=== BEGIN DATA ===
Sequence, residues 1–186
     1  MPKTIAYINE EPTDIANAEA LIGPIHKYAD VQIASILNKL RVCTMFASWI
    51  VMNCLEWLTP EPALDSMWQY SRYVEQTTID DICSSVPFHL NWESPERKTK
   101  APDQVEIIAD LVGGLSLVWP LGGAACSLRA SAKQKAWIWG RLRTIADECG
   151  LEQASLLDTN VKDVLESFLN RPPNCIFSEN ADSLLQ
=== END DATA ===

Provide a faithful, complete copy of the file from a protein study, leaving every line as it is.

Sequence, residues 1–186
     1  MPKTIAYINE EPTDIANAEA LIGPIHKYAD VQIASILNKL RVCTMFASWI
    51  VMNCLEWLTP EPALDSMWQY SRYVEQTTID DICSSVPFHL NWESPERKTK
   101  APDQVEIIAD LVGGLSLVWP LGGAACSLRA SAKQKAWIWG RLRTIADECG
   151  LEQASLLDTN VKDVLESFLN RPPNCIFSEN ADSLLQ